“… it was not until they reached Przemyśl that, when, in the evening, the prisoners were rounded up in a destroyed fort, Švejk was able to rest in one of the stables of the fortress artillery…” – excerpt from the fourth and last volume entitled ‘The Famous Thrashing Continued’ of the novel The Adventures of the Good Soldier Švejk by Jaroslav Hašek.
The remnants of Austria-Hungary’s Przemyśl Fortress surround the city of Przemyśl, located in the southeast of Poland close to the border with Ukraine. During the Austro-Hungarian Empire, Przemyśl was a garrison city and a significant fortress.
This old fortress, which is actually a series of forts, provides an excellent journey into the military past of Europe of the days from the late-19th century and early-20th century. It was a mighty defensive complex and one of the largest fortifications in Europe. Only the fortresses in Verdun and Antwerp were bigger than the fortress in Przemyśl.
The site was first fortified during the Crimean War (1853-1856), when many European military strategists predicted that this war could spread across Europe. Its main objective was to protect the strategic Przemyśl Gate. After the Crimean War, 19 of the 41 fortified positions were finished.
Its construction continued later in 1871, then in 1878, magazines, barracks and roads were constructed inside the complex. Nine earth forts were also built at this time, and these were reconstructed and reinforced in 1881. Infantry fortifications had also been constructed by 1910. With the start of WWI the fortress was reinforced one more time, but it was never completed as it was planned.
In 1914 Przemyśl Fortress had three lines of defense. The outer ring had a perimeter of approximately 28 miles with 17 main forts. The inner system was composed of 21 forts encircling the city.
At the beginning of the WWI only a small group of soldiers and officers from five infantry battalions, along with artillerymen and engineers, were stationed there. The Russians laid siege on the fortress on September 17, 1914. During an attack 4,000 Russians were killed before a large number of new Austro-Hungarian troops reached the fort in early October and pushed them back.
Soon the fortress was surrounded for a second time by the Russians. The second siege, known as the long lasting siege of WWI, started in November 1914.
During this second siege the fortress quite successfully defended itself against the enemy for 180 days, but food supplies and the ammunition ran out and on March 22, 1915, nearly 120,000 Austro-Hungarian troops (most of them Hungarian troops) under the command of General Hermann Kusmanek von Burgneustädten surrendered to the Russians.
In June 1915 the fortress was attacked again, but this time the Russians were the defenders and the German and Austrian soldiers were the attackers. They captured it after laying siege.
After WWI the fortress lost its military importance and was abandoned. A few of the forts that survived the devastating WWI sieges probably were used for a short period of time during the Polish–Ukrainian War in 1918-1919.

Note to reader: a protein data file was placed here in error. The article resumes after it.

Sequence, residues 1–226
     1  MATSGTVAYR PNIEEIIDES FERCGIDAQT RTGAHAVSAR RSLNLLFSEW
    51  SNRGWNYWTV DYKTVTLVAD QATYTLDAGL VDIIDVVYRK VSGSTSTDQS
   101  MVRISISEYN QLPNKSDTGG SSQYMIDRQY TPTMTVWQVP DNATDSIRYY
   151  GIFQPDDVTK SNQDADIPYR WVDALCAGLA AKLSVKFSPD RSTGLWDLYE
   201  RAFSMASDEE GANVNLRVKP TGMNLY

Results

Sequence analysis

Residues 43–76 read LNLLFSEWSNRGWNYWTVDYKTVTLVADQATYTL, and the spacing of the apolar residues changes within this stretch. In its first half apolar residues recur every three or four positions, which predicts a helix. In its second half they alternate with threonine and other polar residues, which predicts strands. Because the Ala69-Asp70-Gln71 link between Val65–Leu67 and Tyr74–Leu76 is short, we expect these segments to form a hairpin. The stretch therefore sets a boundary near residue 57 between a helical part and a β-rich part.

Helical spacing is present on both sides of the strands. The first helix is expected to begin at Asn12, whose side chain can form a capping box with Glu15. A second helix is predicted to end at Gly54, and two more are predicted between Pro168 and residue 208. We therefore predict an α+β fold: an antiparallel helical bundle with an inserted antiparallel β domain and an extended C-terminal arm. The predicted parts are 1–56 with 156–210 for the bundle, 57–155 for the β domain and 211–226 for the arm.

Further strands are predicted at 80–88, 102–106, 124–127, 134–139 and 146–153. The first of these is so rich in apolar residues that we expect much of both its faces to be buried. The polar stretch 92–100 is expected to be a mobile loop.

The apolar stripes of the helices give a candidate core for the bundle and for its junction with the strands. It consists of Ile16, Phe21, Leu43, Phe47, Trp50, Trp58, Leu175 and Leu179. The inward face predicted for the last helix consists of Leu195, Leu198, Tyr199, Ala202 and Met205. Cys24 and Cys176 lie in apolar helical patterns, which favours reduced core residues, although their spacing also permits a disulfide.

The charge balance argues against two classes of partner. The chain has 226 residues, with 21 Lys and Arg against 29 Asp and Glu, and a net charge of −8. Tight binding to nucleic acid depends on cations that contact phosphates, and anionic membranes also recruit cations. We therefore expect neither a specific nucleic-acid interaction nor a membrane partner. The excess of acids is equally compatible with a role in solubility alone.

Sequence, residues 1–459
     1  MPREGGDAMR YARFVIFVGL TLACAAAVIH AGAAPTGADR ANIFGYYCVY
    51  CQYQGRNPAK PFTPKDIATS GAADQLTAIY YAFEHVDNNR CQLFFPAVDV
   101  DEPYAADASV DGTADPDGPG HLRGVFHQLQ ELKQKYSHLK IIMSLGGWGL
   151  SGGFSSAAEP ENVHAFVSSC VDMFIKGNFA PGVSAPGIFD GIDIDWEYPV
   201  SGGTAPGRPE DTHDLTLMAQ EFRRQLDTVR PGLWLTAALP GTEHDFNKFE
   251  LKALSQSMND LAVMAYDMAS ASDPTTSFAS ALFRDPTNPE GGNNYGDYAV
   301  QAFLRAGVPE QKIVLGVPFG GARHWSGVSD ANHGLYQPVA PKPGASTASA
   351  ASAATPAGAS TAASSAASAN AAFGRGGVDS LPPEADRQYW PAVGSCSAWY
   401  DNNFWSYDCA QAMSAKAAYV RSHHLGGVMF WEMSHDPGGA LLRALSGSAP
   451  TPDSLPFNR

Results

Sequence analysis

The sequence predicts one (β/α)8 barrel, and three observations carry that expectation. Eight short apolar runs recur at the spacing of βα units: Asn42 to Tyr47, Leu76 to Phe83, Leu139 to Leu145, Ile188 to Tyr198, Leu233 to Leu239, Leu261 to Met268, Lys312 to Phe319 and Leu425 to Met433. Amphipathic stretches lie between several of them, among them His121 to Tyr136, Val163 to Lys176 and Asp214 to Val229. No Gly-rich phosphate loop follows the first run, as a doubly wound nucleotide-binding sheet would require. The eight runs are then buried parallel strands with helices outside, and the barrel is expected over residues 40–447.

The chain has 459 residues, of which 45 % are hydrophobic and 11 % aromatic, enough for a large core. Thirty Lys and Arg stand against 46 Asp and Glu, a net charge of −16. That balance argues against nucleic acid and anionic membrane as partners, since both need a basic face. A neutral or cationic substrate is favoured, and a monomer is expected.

In World War II the area close by was fortified again as part of the Molotov Line, but these modern fortifications were completely new structures that had nothing with the WWI fortress. In 1968 the city authorities acknowledged the importance of this monument of the past and parts of it were preserved and opened as a tourist attraction.
Today most of the fortifications are ruined and overgrown with vegetation. This is not surprising at all knowing the fact that a great part of them were earthworks. In fact there is an impression that parts of the ruins are work of nature and not of men. However some of the forts were built from durable material and thus somehow survived the turbulent events and the passage of time.
Fort I (Salis Soglio) in Sieliska, Fort VIII (Łętownia) in Kuńkowce, and Fort XIII (San Rideau) in Bolestraszyce are probably the best remaining fragments of this once mighty stronghold.
The site is also a place of interest of the lovers of literature. The Czech writer and satirist Jaroslav Hašek placed parts of his unfinished novel The Good Soldier Švejk in Przemyśl. The Przemyśl Fortress is one of the main scenes and crucial for the action in the volume 4 of this novel.
Actually Švejk, the unfortunate character of this satirical dark comedy, spent 4 days and 5 nights in prison in the fortress. He was arrested as a Russian spy by his comrades in arms, after dressing in a Russian uniform out of curiosity. The story continues that Švejk is escorted to one of the destroyed forts in the inner ring of fortifications where he is accommodated in some abandoned stables.
More than two chapters are dedicated to the city of Przemyśl in this book, which is the Czech Republic’s most translated book.
In order to attract more tourists, the city authorities of Przemyśl took advantage of the interesting connection between the fictional character and their city. Signs from the popular comical illustration of Švejk by the Czech artist Josef Lada were placed around Przemyśl.
There is also a statue of Švejk on Rynek, the main market square, which is adjoined to the Old Town. The annual Grand Maneuvers of the Przemyśl Fortress through various events promotes the character of Švejk and this popular festival attracts thousands of visitors from around the world.